"The Dark Knight" (Batman) represents something more than the mere triumph of good over evil.
Caped crusaders fight their way to the mainstream and reflect America's post-9/11 personality
At the risk of sounding like a two-bit blurbist, it has been a super summer for comic-book superheroes. What with a back-from-the-dead "The Incredible Hulk," an amusing "Hellboy II," the wannabe "Hancock," the incredible success of "Iron Man" and now the bone-rattling angst of "The Dark Knight," superheroes are no longer the moist province of fanboys. No. They've stepped up to the front ranks of cheesy pop culture, that mirror that turns grim reality into palatable entertainment.
"The Dark Knight" doesn't even have "Batman" in the title, that's how serious it is. Writer-director Christopher Nolan has used the superhero motif to create a parable about the shifting sands of public responsibility, in an urban setting that is unsettlingly gray, and asks a multitude of questions of the audience: Where do you draw the line in an escalation? What is permissible in fighting evil? What is the nature of anarchy? Is the capacity for good and evil within us all? At what point does a public hero become a public enemy? When the rules fall away, who's left standing - and does that count as victory?
And dozens more. Clearly, "Dark Knight" is after bigger game than selling popcorn. Even more clearly, superhero movies aren't being made just because digital effects now make them possible. It's something in the air.
Parallels to the current fight against terrorism are pretty obvious - that undercurrent informs all the summer superhero movies, actually - and the tale benefits mightily from a truly frightening performance from the late Heath Ledger as the Joker, an urban nightmare all the more scary because his goal is chaos, not money or political power. There's no reasoning with a drive like that. And with his affected, lizardlike mannerisms and blasted face - a villain as drawn by Francis Bacon - Joker is every bit as iconic a personality as, say, Osama Bin Laden.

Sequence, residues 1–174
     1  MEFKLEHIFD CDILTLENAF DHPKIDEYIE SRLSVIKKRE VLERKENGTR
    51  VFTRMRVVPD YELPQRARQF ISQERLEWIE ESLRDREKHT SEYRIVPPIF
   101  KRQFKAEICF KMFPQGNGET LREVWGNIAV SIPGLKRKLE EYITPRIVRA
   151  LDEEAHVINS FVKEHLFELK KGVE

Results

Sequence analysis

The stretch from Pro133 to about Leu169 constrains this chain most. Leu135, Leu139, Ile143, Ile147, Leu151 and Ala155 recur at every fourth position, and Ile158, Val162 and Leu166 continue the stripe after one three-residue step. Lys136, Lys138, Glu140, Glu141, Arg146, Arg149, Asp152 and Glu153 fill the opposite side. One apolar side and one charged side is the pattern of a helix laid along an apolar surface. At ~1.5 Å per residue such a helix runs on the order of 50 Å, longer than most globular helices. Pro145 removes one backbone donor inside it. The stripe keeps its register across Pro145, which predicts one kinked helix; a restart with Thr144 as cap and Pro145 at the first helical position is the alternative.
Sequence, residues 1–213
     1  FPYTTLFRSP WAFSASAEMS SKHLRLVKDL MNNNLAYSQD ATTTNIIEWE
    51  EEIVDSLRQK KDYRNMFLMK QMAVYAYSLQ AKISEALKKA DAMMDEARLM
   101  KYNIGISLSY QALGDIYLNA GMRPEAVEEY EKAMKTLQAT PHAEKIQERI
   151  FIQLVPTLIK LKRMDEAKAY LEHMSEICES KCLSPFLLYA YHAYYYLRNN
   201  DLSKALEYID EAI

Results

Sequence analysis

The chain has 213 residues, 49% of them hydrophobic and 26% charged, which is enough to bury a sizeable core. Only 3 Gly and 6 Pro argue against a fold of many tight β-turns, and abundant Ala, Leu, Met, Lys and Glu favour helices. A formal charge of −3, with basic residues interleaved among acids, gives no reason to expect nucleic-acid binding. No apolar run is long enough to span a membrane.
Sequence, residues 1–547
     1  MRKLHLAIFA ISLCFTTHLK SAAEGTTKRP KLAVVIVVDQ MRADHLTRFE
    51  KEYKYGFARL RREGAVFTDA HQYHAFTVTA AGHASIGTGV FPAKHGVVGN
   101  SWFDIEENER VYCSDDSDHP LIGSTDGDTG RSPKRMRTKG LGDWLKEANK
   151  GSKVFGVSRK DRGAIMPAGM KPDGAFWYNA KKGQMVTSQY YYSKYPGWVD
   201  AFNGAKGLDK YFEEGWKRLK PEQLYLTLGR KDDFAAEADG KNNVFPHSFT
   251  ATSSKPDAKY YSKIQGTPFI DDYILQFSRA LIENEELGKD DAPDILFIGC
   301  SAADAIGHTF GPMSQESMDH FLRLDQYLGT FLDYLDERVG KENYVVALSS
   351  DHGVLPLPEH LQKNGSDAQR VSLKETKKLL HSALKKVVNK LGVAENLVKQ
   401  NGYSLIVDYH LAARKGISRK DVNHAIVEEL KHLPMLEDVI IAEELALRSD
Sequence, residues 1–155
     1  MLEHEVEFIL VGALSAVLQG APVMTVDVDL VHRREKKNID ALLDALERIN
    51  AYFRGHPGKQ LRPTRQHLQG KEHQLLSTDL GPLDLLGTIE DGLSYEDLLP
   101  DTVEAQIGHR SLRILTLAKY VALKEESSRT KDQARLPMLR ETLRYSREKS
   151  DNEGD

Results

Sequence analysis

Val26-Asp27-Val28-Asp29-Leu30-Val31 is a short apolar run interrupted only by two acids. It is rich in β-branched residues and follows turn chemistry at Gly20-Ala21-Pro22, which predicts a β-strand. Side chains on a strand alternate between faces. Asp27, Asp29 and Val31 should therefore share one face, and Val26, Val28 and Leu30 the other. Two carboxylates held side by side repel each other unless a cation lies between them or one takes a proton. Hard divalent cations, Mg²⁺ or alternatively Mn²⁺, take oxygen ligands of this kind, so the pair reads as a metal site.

This might be the first superhero movie with a PG-13 rating, and thoroughly deserves it. Batman is also the scariest of "heroes," a guy driven by rage and revenge, with the financial resources to indulge himself. How different is he from Joker? Or Blackwater USA's Erik Prince? (Now, THERE's a comic-book name!)
That PG-13 rating is one small signal that superheroes have entered the world of adult-oriented films. Although the concept of superheroes goes back as far as tales of Zoroaster and Gilgamesh, the idea that such a being can, and will, protect the downtrodden is a concept that arises mostly in outcast communities. Many of the creative personalities behind the rise of comics as a storytelling medium in the '50s and '60s were Jewish, for example, and the whole concept rides on the trope that human beings are essentially victims and that belief in a higher power is a good thing.
That feeling of persecution, of victimization, is powerfully embedded in the American consciousness these days, particularly since Sept. 11, 2001. Americans have also seen their innate power and good standing among nations squandered by greed and stupidity, and that contributes to a "Zeitgeist" of powerlessness and anomie.
Hollywood follows public needs, it doesn't create them.
Except as parody, you're not seeing superhero films being made in other nations. It's a peculiarly American notion to think of ourselves as both victim and hero, and the world is making us blur any distinction between the two.